Edinburgh Research Explorer

Moving Towards Trauma-Informed Policing: An Exploration of Police Officer’s Attitudes and Perceptions Towards Adverse Childhood Experiences (ACEs)

Research output: Other contribution

Abstract

In 2018 Ayrshire Division of Police Scotland announced their aim to become a traumainformed division. Subsequently, all officers and staff took part in a Resilience documentary screening event. This project aimed to examine whether this screening influenced police perceptions and attitudes towards becoming a trauma-informed force.

Study 1: Officers from Ayrshire (exposed to screening; n = 58) and Lothians and Borders (not exposed; n = 87) divisions completed an online survey, which revealed no significant difference in attitudes towards trauma-informed care for witnesses/victims or perpetrators.
Study 2: Four focus groups were conducted with 29 officers across each area of Ayrshire division to explore attitudes towards the Resilience screenings and wider understanding and attitudes towards becoming trauma-informed.
Discussion: The lack of difference in attitudes in Study 1 may be due to the Resilience screening being awareness-raising, failing to provide a toolkit for officers to translate these principles into practice. Study 2 showed that officers believe there is merit in becoming trauma-informed, however, there is a lack of clarity on what this might be in day-to-day practice and uncertainty regarding where the responsibility lies with regards to trauma-exposed individuals.
Importantly, officers are implementing trauma-informed practices which are not necessarily ‘labelled’ as such.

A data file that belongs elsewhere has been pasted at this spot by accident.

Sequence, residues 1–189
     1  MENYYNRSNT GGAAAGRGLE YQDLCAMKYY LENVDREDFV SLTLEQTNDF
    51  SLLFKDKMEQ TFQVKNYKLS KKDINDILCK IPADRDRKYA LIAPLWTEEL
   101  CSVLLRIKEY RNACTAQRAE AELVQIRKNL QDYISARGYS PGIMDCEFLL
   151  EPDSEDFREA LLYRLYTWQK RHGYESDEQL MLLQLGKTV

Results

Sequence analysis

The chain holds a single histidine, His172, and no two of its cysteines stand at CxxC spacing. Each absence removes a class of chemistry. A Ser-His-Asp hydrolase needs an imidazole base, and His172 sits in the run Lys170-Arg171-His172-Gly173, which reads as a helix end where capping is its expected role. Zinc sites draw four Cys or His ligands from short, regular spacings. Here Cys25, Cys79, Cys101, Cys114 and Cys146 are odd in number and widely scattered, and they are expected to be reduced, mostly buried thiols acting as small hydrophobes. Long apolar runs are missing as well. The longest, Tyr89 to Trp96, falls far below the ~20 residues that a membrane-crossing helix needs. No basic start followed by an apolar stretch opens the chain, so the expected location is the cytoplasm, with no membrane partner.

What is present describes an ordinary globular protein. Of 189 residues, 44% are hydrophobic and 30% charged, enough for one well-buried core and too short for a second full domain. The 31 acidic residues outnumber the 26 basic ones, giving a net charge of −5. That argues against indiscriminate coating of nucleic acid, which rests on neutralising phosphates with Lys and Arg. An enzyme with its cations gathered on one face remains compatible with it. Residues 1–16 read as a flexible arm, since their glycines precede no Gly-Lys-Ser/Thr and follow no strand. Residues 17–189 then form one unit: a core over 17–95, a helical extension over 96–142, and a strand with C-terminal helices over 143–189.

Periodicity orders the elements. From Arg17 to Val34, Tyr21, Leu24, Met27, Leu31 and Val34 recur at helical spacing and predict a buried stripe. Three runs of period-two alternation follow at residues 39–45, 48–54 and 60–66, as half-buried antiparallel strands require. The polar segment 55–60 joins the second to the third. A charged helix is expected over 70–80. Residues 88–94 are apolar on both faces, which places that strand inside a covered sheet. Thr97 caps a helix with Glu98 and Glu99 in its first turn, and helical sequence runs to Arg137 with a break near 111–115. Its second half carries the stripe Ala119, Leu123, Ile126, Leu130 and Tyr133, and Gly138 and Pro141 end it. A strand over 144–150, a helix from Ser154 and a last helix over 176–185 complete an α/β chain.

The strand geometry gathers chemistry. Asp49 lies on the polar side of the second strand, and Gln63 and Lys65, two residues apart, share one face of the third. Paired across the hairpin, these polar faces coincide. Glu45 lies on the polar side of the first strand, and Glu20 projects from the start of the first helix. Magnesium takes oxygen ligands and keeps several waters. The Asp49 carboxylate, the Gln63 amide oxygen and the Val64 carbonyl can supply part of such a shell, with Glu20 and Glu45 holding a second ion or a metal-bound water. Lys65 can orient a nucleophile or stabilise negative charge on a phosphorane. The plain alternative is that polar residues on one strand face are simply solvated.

Recommendations:
i) Screenings, such as the Resilience documentary, may be a useful starting point in raising awareness, particularly during initial training.
ii) The acceptability and usefulness of the such events would be improved by basing it on material tailored to policing specifically.
iii) In addition, multi-agency screenings with smaller audiences would expose attendees to a range of views and support active participation and networking.
iv) Most notably, practical information on how ACEs-awareness could be applied to specific policing work is required.
v) Officers would benefit from information sessions defining the trauma-informed framework and its relevance to policing work. This includes defining the limitations of ACEs-aware approaches, for example clarifying that these do not include directly addressing trauma in individuals. Officers highlighted a need for improved communication between police and partner networking agencies such as social work.
vi) Identifying current policies and practices that align with an ACEs-aware framework
would assist in highlighting what is possible at different levels (e.g. individual officers vs. overarching policies)
vii) Future information sessions need to address the perceived tension between operating in ACEs-aware ways and effective policing and to highlighting potential training that could address this tension. A specific example is de-escalation training which would enable officers to work effectively in an ACEs-aware manner.
viii) An ACEs-aware approach should acknowledge and support trauma experiences in police officers. Officers reported preferring a proactive ‘check-in system’, rather a self-referral system. This could be supported by the multiple levels within the trauma-informed organisation (i.e. peers, sergeants, inspectors as well as counsellors).

ID: 161838591